Yesterday we took that wee trip to Lough Key, rain lashing down on us half the time; the other half scattered with sun. We listened to a Harry Potter book on tape, there and back, laughing at Stephen Fry's voice inflections, cheering for Ireland in the Quidditch World Cup.
The wee lad napped twice and the girl bought a pumpkin and the eldest decided hiking was a fun adventure after all. We also had a near-death experience on an old metal elevator, leaving me breathless and weak-kneed for the better part of an hour. We ate greasy food at an Irish fast-food joint and we raided a tidy little organic cafe in search of the loo. We ordered tea for two and mined stories from the kids: if they remembered our last visit, how Asher was only 8 months old, how Matt held the other two in the crook of a tree. Dusk comes fast this time of year and by the time we reached home at 6pm, the pitch blackness was overshadowed by a warm kitchen welcoming us back. Home. Back home.
And now as I write, a child is in the bath and one cleans his room and another one makes art projects she learned from a friend. It rains sideways, again, and the writing nook frames the oranges and reds and greens waving beyond our windows. The afternoon is mostly calm, gearing up for the Halloween rush and I'm just now able to sit back and watch... listen... as our life finds its rhythm.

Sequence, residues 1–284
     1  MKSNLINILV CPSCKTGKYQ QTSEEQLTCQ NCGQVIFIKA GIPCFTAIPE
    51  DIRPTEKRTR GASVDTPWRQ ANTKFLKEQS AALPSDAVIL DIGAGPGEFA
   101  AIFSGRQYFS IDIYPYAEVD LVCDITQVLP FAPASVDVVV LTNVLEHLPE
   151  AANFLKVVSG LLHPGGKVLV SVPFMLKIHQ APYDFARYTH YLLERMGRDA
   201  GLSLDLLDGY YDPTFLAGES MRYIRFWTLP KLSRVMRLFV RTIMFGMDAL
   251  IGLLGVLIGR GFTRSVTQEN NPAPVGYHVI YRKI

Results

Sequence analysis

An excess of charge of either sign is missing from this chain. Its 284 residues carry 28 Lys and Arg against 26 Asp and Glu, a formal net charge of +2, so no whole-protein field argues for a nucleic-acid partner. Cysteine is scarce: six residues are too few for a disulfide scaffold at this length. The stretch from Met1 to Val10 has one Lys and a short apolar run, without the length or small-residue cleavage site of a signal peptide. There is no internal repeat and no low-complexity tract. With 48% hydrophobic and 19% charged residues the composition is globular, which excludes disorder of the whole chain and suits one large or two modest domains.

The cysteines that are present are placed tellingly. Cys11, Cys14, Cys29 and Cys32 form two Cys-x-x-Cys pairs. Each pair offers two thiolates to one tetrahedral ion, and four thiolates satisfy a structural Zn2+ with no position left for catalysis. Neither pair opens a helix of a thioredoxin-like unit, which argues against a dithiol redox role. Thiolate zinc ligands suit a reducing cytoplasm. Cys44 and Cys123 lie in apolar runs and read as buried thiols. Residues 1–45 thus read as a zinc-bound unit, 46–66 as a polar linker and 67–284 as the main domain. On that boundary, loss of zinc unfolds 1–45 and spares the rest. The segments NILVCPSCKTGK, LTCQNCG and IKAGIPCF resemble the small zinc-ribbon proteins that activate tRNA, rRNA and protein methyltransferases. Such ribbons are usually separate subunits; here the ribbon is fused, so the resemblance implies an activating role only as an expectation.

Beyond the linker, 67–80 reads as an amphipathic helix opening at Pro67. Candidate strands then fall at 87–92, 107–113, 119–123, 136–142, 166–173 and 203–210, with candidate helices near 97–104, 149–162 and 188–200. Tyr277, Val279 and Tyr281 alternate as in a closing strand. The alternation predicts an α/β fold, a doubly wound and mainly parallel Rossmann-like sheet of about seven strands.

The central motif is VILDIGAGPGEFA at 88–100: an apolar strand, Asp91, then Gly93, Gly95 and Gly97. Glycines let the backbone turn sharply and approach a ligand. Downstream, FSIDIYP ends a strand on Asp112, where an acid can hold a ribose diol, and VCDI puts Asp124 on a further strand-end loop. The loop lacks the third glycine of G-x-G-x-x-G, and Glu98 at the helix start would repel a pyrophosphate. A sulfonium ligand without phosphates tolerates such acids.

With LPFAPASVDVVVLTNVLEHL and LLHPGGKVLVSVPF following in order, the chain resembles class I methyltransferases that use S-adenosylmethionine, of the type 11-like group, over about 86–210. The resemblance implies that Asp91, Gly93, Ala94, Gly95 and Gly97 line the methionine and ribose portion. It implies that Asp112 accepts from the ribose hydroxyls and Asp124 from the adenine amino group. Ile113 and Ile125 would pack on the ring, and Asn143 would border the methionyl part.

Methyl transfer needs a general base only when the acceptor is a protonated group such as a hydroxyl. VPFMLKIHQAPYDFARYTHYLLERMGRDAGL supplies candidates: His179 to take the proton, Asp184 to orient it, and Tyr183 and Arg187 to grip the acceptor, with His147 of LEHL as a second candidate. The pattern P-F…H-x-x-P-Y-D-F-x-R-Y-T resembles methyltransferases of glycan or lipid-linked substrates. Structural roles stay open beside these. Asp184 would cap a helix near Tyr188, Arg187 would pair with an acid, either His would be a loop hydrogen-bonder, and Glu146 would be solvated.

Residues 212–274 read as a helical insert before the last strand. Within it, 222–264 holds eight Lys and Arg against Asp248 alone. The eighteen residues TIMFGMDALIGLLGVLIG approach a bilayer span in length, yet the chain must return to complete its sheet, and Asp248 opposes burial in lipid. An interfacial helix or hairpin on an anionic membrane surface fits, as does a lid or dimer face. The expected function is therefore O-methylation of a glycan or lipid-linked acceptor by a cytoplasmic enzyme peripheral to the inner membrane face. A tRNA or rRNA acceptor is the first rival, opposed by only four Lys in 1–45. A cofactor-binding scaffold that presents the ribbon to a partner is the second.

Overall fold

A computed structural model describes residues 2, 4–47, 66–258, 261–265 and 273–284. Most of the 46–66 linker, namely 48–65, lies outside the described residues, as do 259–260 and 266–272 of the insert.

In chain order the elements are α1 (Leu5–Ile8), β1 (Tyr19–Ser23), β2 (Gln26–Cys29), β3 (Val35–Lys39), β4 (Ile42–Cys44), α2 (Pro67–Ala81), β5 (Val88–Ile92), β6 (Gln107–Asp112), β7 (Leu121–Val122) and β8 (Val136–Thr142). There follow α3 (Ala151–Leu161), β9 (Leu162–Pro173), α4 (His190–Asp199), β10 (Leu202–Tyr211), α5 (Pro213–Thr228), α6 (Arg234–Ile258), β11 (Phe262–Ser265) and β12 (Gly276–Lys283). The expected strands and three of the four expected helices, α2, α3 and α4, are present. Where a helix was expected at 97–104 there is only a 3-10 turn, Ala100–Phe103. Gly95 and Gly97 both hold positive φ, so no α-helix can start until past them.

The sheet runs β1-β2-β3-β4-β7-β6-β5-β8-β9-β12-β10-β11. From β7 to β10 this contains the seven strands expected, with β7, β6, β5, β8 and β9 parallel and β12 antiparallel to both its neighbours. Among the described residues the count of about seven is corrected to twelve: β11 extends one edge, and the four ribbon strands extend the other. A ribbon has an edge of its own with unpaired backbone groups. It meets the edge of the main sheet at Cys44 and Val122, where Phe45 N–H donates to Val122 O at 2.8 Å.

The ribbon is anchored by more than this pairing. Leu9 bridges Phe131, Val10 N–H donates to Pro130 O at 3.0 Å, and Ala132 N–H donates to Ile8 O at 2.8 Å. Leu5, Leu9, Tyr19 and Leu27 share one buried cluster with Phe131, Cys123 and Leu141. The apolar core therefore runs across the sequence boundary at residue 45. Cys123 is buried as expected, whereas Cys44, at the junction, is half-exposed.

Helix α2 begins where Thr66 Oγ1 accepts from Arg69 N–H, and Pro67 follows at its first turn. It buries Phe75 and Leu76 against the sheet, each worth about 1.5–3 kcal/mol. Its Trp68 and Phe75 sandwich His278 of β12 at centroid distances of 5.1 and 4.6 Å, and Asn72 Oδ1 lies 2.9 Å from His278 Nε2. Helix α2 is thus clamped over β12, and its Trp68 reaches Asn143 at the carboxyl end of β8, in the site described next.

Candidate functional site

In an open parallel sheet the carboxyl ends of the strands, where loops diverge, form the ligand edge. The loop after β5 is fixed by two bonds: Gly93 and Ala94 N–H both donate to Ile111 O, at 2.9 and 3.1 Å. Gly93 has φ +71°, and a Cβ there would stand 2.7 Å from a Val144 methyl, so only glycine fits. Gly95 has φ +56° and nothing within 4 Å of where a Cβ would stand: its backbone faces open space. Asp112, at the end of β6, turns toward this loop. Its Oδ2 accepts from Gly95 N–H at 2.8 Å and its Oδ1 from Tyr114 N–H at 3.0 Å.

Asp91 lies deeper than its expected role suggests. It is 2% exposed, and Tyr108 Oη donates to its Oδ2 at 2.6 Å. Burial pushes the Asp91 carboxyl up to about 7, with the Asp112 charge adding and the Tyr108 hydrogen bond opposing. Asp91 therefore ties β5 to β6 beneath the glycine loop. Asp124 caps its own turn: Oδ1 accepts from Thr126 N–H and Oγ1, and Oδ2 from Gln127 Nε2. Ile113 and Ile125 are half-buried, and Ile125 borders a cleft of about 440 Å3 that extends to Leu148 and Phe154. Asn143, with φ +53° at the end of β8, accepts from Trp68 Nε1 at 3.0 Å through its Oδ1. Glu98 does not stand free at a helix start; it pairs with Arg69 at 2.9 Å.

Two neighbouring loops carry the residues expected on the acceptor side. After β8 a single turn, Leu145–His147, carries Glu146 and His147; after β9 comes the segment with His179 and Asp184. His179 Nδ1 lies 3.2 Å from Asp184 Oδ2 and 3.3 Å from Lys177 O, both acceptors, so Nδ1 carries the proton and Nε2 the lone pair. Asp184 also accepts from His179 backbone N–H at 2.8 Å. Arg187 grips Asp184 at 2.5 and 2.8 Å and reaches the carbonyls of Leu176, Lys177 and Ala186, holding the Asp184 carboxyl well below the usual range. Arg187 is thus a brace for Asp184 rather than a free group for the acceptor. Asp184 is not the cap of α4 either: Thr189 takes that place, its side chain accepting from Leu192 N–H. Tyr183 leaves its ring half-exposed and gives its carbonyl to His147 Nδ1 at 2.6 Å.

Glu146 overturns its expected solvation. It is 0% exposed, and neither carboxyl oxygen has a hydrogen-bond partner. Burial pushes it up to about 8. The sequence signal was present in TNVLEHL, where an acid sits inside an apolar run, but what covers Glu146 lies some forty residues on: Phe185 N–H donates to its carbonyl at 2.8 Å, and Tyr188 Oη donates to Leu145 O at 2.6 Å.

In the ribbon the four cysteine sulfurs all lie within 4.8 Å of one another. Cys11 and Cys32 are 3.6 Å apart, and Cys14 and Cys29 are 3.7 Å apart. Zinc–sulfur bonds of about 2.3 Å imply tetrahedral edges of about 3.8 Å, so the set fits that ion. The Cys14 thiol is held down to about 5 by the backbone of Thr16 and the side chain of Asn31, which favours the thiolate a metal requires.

Several weeks ago we read Jesus Calling to the kids. Life is an adventure with God, she hears Him say, and while anxiety and frustration and impatience lie in wait, we need only look for Him, listen for Him, to know that He is in it and with us all the while. There are no coincidences, only His orchestrations, or - as Andy Crouch calls it - full catastrophes, this beautiful dissonance of human existence.
For the children, and for us, it often goes unsaid and forgotten, misplaced in the chaos, hidden under school lunches and behind toy boxes. But in this month and the days of writing these words of home and life and power showers and tears in the McDonalds drive-thru, I see Him in it.
Familiar mums hold my place. A child curls up against the radiator. Matt off to work, dedicated to restoration. We revisit the places of our past, make memories for the future and open our doors for people to sit and eat and rest awhile. We place a pendant over the kitchen table and gather under it's light for dinner.
Today is the last day of our writing class and a man reads a poem they all know well. At the end of each stanza they recite the lines together, heads nodding in unison, laughing,
Can't you see Him in everything?
Thank you for joining me in these 31 days at home in Ireland. Maybe you should come visit... I'll put the kettle on for you. Just in case.
But before I go, tell me: where do you see Him, in anything?